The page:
LOS ANGELES — Matthew Stafford played 12 seasons with the Detroit Lions. He made three playoff appearances, never won a postseason game and finished 74-90-1 as a starter.
It took him getting traded to the Rams to discover any level of real success. You know, by leading his team to a season’s final game.
Derek Carr has played nine seasons for the Raiders. He’s never won a playoff game, losing his only appearance this year to the Bengals, and is 57-70 as a starter.
Could the same dream scenario that has Stafford in the Super Bowl play out for him?
There’s no easy answer.
Carr has a year remaining on his contract that pays $20 million. While not totally committed to him in an introductory press conference, new Raiders general manager Dave Ziegler and head coach Josh McDaniels hardly sounded like they would immediately field calls from interested parties for Carr.
A sensible deal
The question for Carr and the Raiders is, how close is this team to making a deep playoff run?
With their current roster, this could absolutely be as good as this Raiders team can be — a fringe wild-card side.
If that the evaluation Ziegler and McDaniels ultimately make, there are options on how to deal with Carr.
A sensible one: Sign him to a three-year extension at a reasonable price in the $100 million range. It would essentially give both sides a season to see if they mesh.
If not, the Raiders could move him for a tidy haul on a team-friendly deal the following year. Like, well, the Lions did for Stafford.
I suppose the Raiders could merely guarantee Carr’s final season and see if things work out before a long-term decision is made. I suppose — know — Carr would hate the idea.
There is certainly a market for a player with Carr’s ability via trade. Tampa Bay? New Orleans? Indianapolis? Pittsburgh? Washington?
Such a trade did good things for Stafford, who leads the Rams against Cincinnati in Super Bowl LVI on Sunday at SoFi Stadium.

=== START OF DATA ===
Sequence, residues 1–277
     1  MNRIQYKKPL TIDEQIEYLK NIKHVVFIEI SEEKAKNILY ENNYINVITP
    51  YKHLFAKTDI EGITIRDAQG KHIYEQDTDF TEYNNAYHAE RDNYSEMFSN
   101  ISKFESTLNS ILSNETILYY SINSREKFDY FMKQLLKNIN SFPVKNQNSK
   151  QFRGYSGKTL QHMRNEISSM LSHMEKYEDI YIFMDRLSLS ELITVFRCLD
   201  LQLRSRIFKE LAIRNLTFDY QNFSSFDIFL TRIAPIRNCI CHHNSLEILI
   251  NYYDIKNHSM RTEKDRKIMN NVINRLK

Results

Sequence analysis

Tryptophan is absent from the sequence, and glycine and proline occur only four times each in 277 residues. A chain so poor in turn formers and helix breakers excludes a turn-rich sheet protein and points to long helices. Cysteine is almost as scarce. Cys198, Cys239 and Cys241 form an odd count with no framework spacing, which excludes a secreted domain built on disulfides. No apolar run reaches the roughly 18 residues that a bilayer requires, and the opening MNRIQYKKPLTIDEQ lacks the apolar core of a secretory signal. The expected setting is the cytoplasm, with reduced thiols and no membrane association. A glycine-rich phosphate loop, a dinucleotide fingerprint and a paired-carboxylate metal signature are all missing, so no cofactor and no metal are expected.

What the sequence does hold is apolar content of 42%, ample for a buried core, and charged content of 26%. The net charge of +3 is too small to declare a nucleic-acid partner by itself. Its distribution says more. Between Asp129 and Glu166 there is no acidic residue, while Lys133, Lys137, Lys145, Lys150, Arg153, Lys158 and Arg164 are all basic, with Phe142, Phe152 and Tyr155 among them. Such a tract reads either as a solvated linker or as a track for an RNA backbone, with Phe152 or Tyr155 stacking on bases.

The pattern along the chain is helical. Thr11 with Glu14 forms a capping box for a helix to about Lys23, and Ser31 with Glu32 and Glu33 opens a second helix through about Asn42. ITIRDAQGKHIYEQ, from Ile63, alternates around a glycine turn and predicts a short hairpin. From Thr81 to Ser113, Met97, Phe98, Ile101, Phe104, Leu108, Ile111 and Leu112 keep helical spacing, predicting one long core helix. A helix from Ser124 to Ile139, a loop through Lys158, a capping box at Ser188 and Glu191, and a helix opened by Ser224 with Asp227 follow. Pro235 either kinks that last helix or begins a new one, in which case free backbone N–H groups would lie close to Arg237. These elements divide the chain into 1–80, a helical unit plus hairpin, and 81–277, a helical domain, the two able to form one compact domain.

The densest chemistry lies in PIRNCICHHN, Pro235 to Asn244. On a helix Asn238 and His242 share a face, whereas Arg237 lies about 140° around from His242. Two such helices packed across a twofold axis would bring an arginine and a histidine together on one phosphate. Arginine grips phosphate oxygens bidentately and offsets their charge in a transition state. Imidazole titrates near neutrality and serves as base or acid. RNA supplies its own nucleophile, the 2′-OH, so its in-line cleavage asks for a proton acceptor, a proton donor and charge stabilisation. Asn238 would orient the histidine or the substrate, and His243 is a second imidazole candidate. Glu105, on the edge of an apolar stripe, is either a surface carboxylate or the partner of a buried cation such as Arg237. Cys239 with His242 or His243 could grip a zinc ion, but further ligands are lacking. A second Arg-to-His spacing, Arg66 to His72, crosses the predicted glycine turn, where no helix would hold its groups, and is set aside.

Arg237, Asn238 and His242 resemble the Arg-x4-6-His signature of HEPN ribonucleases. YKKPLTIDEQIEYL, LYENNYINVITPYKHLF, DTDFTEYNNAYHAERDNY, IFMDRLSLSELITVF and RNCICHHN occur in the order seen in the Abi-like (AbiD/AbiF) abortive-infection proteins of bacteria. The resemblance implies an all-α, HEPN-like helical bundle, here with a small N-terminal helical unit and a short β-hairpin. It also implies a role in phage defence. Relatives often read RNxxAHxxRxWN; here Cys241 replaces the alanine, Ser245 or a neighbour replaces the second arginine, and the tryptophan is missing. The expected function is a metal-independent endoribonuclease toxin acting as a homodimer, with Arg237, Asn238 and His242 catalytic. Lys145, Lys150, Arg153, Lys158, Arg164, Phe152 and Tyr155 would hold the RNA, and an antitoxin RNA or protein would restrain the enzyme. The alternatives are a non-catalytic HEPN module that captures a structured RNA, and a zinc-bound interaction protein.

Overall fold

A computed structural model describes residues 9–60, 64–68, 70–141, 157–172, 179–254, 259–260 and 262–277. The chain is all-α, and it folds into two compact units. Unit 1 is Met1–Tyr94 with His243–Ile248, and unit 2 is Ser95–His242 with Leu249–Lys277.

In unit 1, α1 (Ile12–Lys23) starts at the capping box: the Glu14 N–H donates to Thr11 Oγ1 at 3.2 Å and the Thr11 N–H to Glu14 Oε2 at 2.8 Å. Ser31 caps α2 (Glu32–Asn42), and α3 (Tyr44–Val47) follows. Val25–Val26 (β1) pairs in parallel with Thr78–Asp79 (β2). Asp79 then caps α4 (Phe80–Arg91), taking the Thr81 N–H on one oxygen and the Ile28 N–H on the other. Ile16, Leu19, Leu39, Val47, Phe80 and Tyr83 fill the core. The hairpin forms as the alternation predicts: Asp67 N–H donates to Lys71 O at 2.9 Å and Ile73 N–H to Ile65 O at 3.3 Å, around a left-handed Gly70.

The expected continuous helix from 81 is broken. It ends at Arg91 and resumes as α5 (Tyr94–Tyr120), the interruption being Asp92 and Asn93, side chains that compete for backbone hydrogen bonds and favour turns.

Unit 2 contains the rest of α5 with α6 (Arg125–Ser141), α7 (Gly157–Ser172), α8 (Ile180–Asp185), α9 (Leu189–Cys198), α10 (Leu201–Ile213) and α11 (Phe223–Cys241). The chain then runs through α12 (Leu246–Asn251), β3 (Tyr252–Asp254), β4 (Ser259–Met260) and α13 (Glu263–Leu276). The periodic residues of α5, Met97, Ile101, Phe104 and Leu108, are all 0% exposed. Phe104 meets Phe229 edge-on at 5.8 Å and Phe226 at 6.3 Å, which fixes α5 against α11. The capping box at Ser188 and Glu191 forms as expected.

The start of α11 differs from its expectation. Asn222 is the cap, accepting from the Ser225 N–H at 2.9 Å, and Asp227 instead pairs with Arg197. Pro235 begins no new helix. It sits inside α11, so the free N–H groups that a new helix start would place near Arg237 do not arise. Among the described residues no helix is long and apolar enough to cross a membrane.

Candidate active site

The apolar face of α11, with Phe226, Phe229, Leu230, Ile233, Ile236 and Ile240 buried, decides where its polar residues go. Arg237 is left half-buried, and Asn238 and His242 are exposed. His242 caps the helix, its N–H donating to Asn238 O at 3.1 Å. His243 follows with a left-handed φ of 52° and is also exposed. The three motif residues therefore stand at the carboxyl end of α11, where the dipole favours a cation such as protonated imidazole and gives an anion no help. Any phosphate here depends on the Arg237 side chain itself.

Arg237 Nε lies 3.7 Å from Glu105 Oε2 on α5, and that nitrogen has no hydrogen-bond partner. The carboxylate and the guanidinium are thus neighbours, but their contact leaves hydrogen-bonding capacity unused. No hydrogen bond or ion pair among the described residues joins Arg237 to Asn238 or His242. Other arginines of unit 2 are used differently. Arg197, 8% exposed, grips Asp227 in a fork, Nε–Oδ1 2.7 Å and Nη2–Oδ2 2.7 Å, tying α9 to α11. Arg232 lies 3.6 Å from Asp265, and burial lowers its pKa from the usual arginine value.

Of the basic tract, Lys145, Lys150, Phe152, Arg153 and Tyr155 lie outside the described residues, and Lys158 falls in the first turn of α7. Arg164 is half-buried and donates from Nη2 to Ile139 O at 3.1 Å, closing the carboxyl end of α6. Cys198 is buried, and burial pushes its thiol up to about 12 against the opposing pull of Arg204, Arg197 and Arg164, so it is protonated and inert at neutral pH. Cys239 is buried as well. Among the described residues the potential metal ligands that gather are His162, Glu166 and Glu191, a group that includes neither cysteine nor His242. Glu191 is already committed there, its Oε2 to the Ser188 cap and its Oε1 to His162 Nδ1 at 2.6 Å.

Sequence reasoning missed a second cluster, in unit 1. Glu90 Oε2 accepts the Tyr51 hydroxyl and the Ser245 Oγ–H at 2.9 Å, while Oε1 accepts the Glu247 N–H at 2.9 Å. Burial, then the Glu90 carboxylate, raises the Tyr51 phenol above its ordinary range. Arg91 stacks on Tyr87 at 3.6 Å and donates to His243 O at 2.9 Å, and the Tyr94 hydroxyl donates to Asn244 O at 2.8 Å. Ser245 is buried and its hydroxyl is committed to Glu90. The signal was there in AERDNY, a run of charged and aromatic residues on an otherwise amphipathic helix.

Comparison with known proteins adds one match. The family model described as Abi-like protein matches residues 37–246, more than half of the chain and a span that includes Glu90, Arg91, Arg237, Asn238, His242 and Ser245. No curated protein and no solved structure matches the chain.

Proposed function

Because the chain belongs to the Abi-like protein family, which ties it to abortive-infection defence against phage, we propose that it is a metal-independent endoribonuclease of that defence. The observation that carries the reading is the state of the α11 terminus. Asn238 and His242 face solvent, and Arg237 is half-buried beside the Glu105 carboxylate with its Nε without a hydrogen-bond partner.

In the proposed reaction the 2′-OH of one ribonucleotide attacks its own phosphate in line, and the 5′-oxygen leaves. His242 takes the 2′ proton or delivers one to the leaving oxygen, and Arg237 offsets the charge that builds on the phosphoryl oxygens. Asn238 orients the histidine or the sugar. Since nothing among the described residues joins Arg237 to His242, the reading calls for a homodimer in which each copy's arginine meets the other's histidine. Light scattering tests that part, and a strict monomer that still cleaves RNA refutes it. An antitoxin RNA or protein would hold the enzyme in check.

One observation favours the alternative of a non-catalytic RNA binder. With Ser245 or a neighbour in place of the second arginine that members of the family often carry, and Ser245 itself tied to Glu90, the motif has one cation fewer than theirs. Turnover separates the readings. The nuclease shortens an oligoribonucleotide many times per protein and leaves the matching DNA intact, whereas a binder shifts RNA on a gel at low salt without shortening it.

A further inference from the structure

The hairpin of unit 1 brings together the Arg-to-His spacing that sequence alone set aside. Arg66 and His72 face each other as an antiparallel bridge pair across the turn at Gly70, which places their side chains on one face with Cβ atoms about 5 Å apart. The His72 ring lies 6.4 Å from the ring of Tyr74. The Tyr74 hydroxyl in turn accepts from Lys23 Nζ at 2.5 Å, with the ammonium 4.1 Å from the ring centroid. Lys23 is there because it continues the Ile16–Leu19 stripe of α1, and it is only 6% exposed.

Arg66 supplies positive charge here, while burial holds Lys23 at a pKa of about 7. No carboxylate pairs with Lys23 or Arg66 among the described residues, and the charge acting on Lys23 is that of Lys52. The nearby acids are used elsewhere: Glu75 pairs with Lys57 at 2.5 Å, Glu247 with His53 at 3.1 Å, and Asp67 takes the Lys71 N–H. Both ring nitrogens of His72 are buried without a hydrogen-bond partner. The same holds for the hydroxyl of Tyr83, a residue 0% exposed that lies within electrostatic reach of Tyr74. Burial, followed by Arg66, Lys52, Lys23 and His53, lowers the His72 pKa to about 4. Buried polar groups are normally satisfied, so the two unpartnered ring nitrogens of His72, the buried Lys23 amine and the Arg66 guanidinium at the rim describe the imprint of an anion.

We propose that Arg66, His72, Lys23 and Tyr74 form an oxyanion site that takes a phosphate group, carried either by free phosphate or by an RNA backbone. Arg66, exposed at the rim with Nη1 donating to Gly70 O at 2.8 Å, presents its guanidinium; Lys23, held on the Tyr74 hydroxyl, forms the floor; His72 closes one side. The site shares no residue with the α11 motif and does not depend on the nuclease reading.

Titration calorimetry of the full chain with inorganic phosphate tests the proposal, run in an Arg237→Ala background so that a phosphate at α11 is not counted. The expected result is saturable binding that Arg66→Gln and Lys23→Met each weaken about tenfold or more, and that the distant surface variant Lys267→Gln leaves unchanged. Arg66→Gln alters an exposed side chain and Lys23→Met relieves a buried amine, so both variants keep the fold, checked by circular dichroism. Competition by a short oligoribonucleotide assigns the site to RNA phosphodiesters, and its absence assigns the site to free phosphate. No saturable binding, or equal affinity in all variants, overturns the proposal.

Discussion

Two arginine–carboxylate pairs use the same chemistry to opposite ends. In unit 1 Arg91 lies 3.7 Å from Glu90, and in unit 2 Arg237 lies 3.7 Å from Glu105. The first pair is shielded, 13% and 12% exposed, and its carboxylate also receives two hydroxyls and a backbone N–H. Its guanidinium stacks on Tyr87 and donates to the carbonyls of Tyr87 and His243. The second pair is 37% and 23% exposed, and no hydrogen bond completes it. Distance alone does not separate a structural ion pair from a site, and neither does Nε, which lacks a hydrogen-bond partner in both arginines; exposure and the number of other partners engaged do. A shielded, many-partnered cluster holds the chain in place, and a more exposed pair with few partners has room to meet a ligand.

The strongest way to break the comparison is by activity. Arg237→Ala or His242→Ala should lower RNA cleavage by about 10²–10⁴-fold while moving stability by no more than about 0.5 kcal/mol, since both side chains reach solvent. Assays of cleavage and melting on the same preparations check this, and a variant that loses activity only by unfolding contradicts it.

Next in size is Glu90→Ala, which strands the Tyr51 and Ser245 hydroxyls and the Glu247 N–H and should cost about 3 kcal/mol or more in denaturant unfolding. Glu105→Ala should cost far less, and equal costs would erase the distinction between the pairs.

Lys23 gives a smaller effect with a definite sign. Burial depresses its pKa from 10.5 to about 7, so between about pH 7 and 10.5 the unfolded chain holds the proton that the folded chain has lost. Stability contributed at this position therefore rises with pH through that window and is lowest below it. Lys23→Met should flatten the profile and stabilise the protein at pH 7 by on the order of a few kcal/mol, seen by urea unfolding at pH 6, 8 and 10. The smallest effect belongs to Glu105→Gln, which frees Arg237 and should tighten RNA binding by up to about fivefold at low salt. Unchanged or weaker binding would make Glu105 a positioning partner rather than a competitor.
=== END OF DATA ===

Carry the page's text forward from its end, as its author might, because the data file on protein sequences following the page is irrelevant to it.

“You get caught up in the situation of being in Detroit — and I love the organization and city and all it did for me and my family — but it has a history of not doing well,” said Travis Swanson, a former NFL center and teammate of Stafford with the Lions. “We all knew he was a guy who was unbelievably talented, so to see him go there and make it all the way in his first season solidifies all that.
“All the people saying, ‘He can’t do this or this or this,’ well, pluck him out and put him with a team that’s loaded with talent all around him, and he actually can.”
Your move, Ziegler
You wonder if the Stafford route is a road Carr might travel. His brother, former NFL quarterback David Carr, joined television host Colin Cowherd recently and said for Derek to stay with the Raiders, there had to be a commitment to give him what he needs to win a Super Bowl.
But the message softened later on NFL Network — after Ziegler and McDaniels were officially in the fold.
“I think it’s great for everybody involved,” David said of the pairing of his brother and the Raiders’ new coach. “(McDaniels) is going to ask his quarterback to get to every play possible in the entire world and Derek is capable of doing it. So for a scheme standpoint, it makes sense.
“I like this a lot. When you have a Super Bowl window — and the Raiders are close — you have to add some pieces to give them a chance. (Derek) loves it. He loves Josh’s system. Let’s see what happens.”
Not sure how close the Raiders really are, and just because a change of scenery worked out so well for Stafford doesn’t mean it would for Carr.
Also doesn’t mean it couldn’t, meaning all options should be on the table for a new regime.
Your move, Dave Ziegler.
Let’s see what happens, is right.
Ed Graney is a Sigma Delta Chi Award winner for sports column writing and can be reached at email@example.com or 702-383-4618. He can be heard on “The Press Box,” ESPN Radio 100.9 FM and 1100 AM, from 7 a.m. to 10 a.m. Monday through Friday. Follow @edgraney on Twitter.